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The Duke Orthopaedic Journal


Introduction: Health care delivery is contingent on efficient communication among providers. We hypothesized that using smart-device two-way communication would result in faster provider responses when compared with alphanumeric paging among resident physicians in an academic medical center.

Methods: Resident physicians were given an Apple iPad Mini smart device with a Health Insurance Portability and Accountability Act-compliant smart-device two-way communication application. Patient care messages were randomized for transmission via smart-device two-way texting or standard one-way paging. Physician response time was recorded as the primary outcome measure.

Results: The study was halted after participation of the first 24 residents due to safety concerns. A technical glitch was identified in which the smart devices automatically powered off to conserve battery life. The first 72 smart devices to first 37 pager communication response times were similar (8 vs 6 minutes, p = 0.43). In analysis of responses within 5 minutes of c ommunication ( the t ime s mart d evices p owered o ff), smart-device responses occurred significantly faster (1 vs 2 minutes, p < 0.05) but the response frequency was less in the smart-device group (33 vs 62%, p < 0.05), and thus the study was ended early due to safety concerns.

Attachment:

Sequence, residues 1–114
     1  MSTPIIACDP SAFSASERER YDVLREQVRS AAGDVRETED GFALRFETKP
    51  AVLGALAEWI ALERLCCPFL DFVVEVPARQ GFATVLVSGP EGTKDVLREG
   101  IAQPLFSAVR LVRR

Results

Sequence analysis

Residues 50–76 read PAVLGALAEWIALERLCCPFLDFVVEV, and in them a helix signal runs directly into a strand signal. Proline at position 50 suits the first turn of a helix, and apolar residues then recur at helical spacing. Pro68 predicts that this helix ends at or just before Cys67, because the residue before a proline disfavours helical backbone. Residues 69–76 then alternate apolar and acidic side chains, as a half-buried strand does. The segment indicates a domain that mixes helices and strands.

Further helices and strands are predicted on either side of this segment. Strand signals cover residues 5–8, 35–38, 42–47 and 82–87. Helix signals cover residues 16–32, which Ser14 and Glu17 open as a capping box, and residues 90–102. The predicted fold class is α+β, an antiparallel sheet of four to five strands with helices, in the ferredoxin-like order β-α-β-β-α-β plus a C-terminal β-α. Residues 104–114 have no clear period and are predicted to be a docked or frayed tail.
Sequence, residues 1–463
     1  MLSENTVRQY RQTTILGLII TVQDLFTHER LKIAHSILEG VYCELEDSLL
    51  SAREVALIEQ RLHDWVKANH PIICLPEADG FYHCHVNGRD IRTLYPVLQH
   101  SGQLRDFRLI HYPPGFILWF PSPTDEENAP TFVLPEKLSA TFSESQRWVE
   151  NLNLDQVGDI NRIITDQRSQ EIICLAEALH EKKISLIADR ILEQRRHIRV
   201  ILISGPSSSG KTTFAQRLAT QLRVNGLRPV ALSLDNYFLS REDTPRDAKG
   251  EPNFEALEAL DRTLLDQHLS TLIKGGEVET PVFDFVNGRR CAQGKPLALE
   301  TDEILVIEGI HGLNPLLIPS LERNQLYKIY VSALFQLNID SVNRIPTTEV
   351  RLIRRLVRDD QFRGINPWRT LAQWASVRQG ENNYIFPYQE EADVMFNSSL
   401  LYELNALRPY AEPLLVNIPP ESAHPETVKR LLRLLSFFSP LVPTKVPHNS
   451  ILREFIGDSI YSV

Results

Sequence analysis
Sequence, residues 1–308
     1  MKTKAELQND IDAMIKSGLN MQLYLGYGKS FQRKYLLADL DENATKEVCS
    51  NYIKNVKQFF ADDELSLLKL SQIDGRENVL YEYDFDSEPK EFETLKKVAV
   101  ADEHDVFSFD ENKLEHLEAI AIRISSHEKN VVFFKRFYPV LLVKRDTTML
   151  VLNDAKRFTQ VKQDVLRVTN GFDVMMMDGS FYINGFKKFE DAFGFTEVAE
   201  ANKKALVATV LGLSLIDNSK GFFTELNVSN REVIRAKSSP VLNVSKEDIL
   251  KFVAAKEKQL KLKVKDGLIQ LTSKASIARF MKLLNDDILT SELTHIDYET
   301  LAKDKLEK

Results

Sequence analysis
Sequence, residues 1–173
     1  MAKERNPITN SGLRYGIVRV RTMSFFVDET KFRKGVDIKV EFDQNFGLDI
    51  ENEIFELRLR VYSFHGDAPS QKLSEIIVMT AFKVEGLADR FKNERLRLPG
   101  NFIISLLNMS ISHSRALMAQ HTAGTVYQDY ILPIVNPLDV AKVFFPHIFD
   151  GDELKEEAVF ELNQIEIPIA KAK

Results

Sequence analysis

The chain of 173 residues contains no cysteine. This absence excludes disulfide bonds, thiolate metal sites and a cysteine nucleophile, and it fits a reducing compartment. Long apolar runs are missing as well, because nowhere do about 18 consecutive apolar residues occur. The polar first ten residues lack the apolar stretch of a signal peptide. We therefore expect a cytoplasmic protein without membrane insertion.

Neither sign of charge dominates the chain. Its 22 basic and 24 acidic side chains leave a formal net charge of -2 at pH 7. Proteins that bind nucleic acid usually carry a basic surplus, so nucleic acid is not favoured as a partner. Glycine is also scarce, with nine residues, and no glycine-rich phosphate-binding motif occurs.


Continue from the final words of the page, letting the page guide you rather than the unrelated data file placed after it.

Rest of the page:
Discussion: Based on our initial findings, smart devices have potential to improve communication but technical issues must be addressed prior to usage as the sole means of communication.

Keywords: Academic, Communication, Device, Hospital, iPad, Pager, Trial, Smart.

How to cite this article:Hamid KS, Nwachukwu BU, Hsu E, Dutta S, Babcock SN, Baker BW, Wohler AD, D’Agostino RB Jr, Lang JE. A Clinical Trial Evaluation of Pager vs S mart-device E fficacy i n a n Academic Hospital Setting. The Duke Orthop J 2016;6(1):1-6.

Source of support: This study was funded by an intramural IRSC grant at Wake Forest Baptist Medical Center.

Conflict of interest: None

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